EC Decision-Making Procedure

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EC Decision-Making Procedure
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Sean Anderson
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EC Leadership Circle
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EC Leadership Circle
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Protocol and justification for how the EC at Milestone makes efficient and inclusive participatory decisions

Who does this apply to?

Any member of the EC at Milestone Democratic School, including full-time and part-time employees and subcontractors (whether contracted by MDS or GIR), who wants us to take collective action, endorse a position, or make a decision together. 

What, when, and how will this happen?

First: Understand the circle structure of the EC, and the Aim and Domain of each circle.

The Educators’ Co-op (“EC”) at Milestone is organized into different circles, following a system called sociocracy. If you have questions about how sociocracy works, we encourage you to engage in self-directed learning at, or to reference Many Voices One Song or Who Decides Who Decides (both of these books are in the Milestone library). All EC members need to understand that each circle has a specific Aim, an exclusive Domain, and a defined Membership. All current details of EC circles can be found in the Knowledge Base article titled “Organizational Structure.” Link: 


“People can only work together effectively if they are clear about what they want to do together. Aims describe and guide the work.” (Many Voices One Song, 2.2.1)

When a circle is created, its aim is defined and written down. Aims can be changed by consent of the circle and its “parent” circle.

If you want us to take action or make a decision, start by finding the circle whose aim it aligns with.


“A domain defines a circle’s area of responsibility for policy making and operational activities. A circle is granted the mandate to work toward their defined aim; in exchange, we entrust them with the authority that is required to perform the tasks that come with those aims.” (Many Voices One Song, 2.2.2)

A circle’s domain is also defined when it is created, and it can be changed by consent of the circle and parent circle.

When you want us to take action or make a decision, make sure that it is within the authority of a circle’s domain. If it’s not clear which circle’s domain a decision belongs in, bring it to the EC Leadership Circle.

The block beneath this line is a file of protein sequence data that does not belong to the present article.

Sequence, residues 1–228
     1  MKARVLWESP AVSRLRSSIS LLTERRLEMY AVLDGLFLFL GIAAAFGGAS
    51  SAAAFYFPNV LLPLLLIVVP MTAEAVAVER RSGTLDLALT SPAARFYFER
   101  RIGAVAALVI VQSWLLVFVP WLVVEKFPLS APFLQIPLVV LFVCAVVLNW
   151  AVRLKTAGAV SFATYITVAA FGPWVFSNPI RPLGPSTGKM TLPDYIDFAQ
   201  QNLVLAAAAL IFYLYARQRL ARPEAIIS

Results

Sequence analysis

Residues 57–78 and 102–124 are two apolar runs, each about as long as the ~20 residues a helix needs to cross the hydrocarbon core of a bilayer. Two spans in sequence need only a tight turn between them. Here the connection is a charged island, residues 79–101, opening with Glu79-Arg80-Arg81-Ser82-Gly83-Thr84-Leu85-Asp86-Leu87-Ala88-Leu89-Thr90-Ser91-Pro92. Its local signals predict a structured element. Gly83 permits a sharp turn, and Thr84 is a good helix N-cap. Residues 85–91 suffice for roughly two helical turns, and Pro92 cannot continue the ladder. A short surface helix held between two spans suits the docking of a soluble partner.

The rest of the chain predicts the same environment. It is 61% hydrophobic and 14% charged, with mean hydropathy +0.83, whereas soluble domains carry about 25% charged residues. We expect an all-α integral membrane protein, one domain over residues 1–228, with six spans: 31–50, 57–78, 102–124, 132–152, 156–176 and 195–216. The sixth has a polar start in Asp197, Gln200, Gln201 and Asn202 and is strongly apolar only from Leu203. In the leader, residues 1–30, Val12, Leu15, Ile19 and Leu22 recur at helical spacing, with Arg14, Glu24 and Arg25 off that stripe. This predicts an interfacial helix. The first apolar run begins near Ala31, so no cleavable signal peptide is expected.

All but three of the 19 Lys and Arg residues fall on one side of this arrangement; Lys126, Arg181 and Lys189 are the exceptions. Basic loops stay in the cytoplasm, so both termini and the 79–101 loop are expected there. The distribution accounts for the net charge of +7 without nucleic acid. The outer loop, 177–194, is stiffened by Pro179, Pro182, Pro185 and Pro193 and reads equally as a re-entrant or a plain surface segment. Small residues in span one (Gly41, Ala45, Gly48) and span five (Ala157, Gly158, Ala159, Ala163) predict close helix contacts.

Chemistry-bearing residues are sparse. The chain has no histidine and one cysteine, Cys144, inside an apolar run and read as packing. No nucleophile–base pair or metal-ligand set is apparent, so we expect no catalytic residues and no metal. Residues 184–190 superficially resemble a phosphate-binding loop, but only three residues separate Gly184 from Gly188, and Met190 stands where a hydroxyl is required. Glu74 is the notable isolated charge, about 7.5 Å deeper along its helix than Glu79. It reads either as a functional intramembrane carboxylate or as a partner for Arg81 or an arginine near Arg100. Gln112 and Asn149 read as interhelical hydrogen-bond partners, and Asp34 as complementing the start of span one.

A circle’s membership is defined, but not closed. Anyone may request to join any circle, and that circle may accept or remove members by consent. 

Note that any person employed at Milestone may be a member of multiple circles, or none at all. Membership in the Get It Right circl3 (defined as a worker-owner in the cooperative as voted in according to the bylaws of the co-op itself) is not required for membership in any EC circle, and vice-versa.

Operational Roles

A circle may create specific Operational Roles, which also have an Aim and a Domain. If an action or decision falls within the domain of a single Role, the person assigned to that Role has the authority to make that decision.

Second: Have an exploratory conversation

  1. Best practice: At the next meeting of the circle, request an exploration item to share your idea and collect feedback and suggestions. Or, at least, check in with the people you know will be affected to get their input.
  2. Only when necessary, for most urgent matters: Send a message in Google Chat for the circle clearly identifying that you have an idea that you want to turn into a proposal, and requesting feedback and suggestions. Provide a deadline.

Third: Write and share your proposal

  1. Write down:
    1. What do you want (us) to do?
    2. Why does this serve our work?
    3. Who / what / when / where / how will this happen?
  2. Send it out, ideally one day or more in advance.

Finally: Work the decision-making process (using consent model)

  1. Best practice: Time at a circle meeting will be scheduled. Make sure that all members of the circle are invited and able to attend the meeting. If the circle has any agreements in place about a quorum, or written approval ahead of time, follow them respectfully. 
    1. Present the proposal in the meeting
    2. Facilitator leads a “Clarifying Questions” round
    3. Facilitator leads a “Reactions” round
    4. Facilitator tests for consent: “Is this good enough for now? // Is this safe enough to try?” 
      1. If there are objections or concerns, use those as positive opportunities to explore the proposal and revise it
      2. If there is consent, the Secretary of the circle will record the agreement in the circle minutes and update the Knowledge Base
  2. Only when necessary, for most urgent matters:  Each step of the above process will be completed over Google Chat for the circle, with clear and reasonable requested deadlines for each step, but only if the timeframe for the decision is demonstrably critical and the justification for making the decision over Google Chat has been made clear. As above, respect any agreements the circle has made about quorum and prior approval. 


A table with two columns and four rows.

Row 1: Column titles
Desired outcome

Row 2:
Clarifying questions round
Making sure everyone understands a report, a proposal or an idea

Row 3:
Reaction round
Giving feedback, exploring ideas, suggesting amendments

Row 4:
Consent round
Finding out whether there are objections to a proposal
(Image from Many Voices One Song, 5.5.2)
Last updated bySean Anderson on August 8, 2022
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